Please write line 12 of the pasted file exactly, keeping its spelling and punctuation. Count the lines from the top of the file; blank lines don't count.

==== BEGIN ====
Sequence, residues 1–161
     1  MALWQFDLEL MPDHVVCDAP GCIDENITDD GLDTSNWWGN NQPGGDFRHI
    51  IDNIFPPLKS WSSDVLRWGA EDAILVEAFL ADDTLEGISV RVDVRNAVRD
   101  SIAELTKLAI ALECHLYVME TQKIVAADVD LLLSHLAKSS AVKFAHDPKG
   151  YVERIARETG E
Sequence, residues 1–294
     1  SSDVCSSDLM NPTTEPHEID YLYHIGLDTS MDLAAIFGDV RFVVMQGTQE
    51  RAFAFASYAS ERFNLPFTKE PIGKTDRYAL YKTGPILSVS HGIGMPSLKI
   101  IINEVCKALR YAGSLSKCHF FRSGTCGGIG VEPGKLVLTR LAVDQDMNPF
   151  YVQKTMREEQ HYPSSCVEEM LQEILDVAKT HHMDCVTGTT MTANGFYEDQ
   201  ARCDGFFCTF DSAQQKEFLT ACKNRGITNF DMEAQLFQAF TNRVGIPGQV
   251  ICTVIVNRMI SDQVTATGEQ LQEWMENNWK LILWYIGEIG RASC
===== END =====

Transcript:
   251  ICTVIVNRMI SDQVTATGEQ LQEWMENNWK LILWYIGEIG RASC